Tasty, spicy black eyed beans stew cooked with tomatoes, scotch bonnet peppers, ginger, garlic and onions. A delicious vegetarian meal from Ghana. Black eyed beans stew can be eaten on it own or served with fried plantain.
When I moved to London many years ago, my cooking skills were abysmal to say the least. For about three months it was takeaways for me. Not very practical, plus it started to become expensive. The craving for home cooked food got so intense I was on the phone to my mum in Ghana. My mum talked me through making lots of my favourite meals. That began my cooking adventures. Years later I can rather proudly call myself a good cook. Not as good as my mum though.
Black eyed beans stew was a dish I grew up eating in Ghana. I had this aunt who made the best beans stew, hers was just mouthwatering delicious. This dish is also known in Ghana by it’s popular name ‘red red’. Palm oil is used to cook the tomato sauce base for this dish and that’s what gives it the name ‘red red’.
To make this black eyed beans stew, I start by soaking the beans in water overnight. This is to reduce cooking time. Not entirely necessary, but helpful. Beans are cooked for about an 1 hour to 1 and a half hours till they are soft. If you like your beans with a bit of a bite, just reduce cooking time.
Whilst the black eyed beans cook, you can start to make the tomato sauce base for this dish. The sauce is combination of tomatoes, scotch bonnet peppers, ginger, onions and garlic. This sauce creates a flavourful delicious base to cook your beans in. It is spicy without being too over powering and all the flavour just marries together well with the beans.
Start off by sauteeing chopped onions in heated palm oil. Add a pureed mix of ginger, garlic and onions and cook for 5 minutes. To that you will add a blended mix of tomato and scotch bonnet peppers. Stir the mixture, turn down heat to low and then leave to cook for 30 minutes. Once the stew is cooked you can stir in the cooked beans , season with prawn stock cube and salt. Leave beans stew to simmer for 10 minutes and it is ready.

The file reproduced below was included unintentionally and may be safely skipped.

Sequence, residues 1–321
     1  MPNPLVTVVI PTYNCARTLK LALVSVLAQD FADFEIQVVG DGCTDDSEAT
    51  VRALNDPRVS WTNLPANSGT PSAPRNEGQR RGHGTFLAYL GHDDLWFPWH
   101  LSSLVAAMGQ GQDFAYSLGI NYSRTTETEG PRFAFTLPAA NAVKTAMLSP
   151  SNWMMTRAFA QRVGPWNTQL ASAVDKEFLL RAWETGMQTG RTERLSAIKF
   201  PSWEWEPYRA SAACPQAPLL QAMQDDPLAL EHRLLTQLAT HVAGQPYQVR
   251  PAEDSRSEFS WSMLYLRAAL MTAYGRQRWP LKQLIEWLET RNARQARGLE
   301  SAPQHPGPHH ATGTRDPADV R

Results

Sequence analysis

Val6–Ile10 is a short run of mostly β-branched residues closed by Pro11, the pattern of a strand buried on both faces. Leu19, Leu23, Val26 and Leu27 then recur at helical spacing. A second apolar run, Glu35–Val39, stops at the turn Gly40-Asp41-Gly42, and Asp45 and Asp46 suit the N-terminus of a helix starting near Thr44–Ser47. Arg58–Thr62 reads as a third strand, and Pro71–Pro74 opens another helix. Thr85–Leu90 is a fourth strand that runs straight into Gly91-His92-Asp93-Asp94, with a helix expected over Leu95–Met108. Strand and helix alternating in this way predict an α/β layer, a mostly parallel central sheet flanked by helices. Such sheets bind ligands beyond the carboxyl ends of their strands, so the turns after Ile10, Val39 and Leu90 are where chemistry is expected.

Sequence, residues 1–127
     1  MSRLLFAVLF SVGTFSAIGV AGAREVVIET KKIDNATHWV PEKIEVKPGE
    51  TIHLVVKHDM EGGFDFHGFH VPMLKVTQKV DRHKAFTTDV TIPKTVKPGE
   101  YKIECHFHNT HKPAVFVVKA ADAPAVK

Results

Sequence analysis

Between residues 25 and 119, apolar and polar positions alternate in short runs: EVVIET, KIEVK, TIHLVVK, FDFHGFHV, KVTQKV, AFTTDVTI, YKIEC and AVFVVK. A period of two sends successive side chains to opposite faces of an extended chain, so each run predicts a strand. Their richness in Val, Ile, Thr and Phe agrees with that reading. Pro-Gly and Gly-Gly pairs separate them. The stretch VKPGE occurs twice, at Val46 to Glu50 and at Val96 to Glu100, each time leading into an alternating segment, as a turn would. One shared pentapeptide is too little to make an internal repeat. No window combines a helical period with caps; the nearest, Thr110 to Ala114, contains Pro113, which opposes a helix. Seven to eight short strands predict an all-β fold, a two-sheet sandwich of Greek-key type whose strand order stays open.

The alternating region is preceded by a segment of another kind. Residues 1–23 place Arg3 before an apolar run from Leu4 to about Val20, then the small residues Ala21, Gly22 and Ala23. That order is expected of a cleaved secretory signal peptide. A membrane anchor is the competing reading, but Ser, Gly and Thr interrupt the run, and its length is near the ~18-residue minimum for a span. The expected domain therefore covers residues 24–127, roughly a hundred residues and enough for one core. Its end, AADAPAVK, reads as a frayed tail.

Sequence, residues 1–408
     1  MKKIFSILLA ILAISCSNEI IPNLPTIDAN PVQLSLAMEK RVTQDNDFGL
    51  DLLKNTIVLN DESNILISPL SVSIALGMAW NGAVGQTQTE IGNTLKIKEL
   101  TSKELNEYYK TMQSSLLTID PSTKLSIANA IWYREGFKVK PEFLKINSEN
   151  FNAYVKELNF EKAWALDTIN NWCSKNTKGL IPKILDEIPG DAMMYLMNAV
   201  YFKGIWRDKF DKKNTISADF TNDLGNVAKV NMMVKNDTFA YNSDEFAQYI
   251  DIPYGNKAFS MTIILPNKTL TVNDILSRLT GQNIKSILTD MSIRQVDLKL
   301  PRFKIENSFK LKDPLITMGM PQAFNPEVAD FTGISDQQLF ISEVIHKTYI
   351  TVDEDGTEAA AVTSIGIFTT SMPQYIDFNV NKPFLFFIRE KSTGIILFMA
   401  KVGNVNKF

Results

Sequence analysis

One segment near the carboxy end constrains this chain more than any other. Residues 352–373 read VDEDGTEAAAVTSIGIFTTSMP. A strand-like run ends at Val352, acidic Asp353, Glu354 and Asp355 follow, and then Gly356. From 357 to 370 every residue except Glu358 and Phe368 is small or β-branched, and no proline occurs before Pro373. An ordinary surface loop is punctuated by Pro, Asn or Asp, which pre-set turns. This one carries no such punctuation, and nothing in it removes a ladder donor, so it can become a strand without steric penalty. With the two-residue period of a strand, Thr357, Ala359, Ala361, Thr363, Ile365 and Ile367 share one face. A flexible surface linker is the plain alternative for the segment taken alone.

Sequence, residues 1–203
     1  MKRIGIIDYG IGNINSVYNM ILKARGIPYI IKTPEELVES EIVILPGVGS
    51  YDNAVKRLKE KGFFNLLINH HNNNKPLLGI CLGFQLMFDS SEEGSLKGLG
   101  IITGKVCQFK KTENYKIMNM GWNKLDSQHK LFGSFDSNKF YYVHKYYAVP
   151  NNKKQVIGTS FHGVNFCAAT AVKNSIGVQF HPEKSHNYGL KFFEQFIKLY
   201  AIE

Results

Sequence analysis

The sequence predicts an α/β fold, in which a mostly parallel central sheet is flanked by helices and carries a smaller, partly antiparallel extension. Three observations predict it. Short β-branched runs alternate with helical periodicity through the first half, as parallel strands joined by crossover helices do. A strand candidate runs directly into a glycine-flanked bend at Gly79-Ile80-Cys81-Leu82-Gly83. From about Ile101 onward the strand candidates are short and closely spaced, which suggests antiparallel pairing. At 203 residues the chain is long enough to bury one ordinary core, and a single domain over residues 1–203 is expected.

I have shared a short tutorial showing on how to make black eyed beans stew. Please cick here to subscribe to my YouTube Channel 🙂
You can always eat this dish on it’s own, but I think it’s best eaten with fried plantain. A perfect balance of savoury and sweet.
Frying plantain takes about 5 minutes tops. Pre -heat up some oil in a frying pan. Peel and slice your plaintain into diagonal pieces , sprinkle with salt (optional) and toss. When oil is hot gently lay plantains onto hot oil and fry until both sides brown. Remove with slotted spoon and drain on sieve or paper towel.
Serve black eyed beans stew with fried plantain and enjoy!!!
- 400 g (2 cups) dried black eyed beans
- 4 tablespoons palm oil
- 2 medium onions
- 4 garlic cloves
- 50 g (4 inch ) ginger
- 2 X tins 400 g plum tomatoes
- 2 scotch bonnet pepper
- 1 prawn stock cube
- Salt to taste
Place black eyed beans in colander and rinse with cool running water. Add beans to a pot and cover with 1.2 litres (5 cups) of water. Cover the pot and leave beans to soak overnight.
Drain water from beans add to a pot. Boil water in a kettle and cover beans with it. There should be about 2- 3 inches of boiling water in the pot. Cook for 60 to 90 minutes, or until beans are soft.
Chop one onion into chunks and set aside.
Puree together 1 onion, garlic cloves and ginger and set aside.
Heat palm oil in pot until hot. Saute the onions until soft for about 2 - 5 minutes. Mix in 5 tablespoons of onion, garlic and ginger mix and leave to cook for 5 minutes.
Blend tomatoes and scotch bonnet peppers until smooth. Add the tomato mixture to the pot, plus half a cup of water and mix. Turn heat down to low and cook tomato sauce for 30 minutes, stirring in between.
Mix cooked beans into tomato sauce. Season with a prawn stock cube and salt to taste.
Leave to simmer for 10 minutes. Serve with fried plantain
Amount of scotch bonnet peppers can be adjusted to suit palate. Remove seeds from peppers to reduce heat.
This stew looks delicious!
ChiChi Dodoo says
Thank you Amanda 🙂
Mr Bond says
This is actually delicious. I remember having this meal in Ghana as a young lad. Sometimes we added gari (dried cassava flakes) to the beans. But coupled with fried ripe plantain was just the bomb.
Thanks a lot for the recipe madam. Now i can try and make it myself.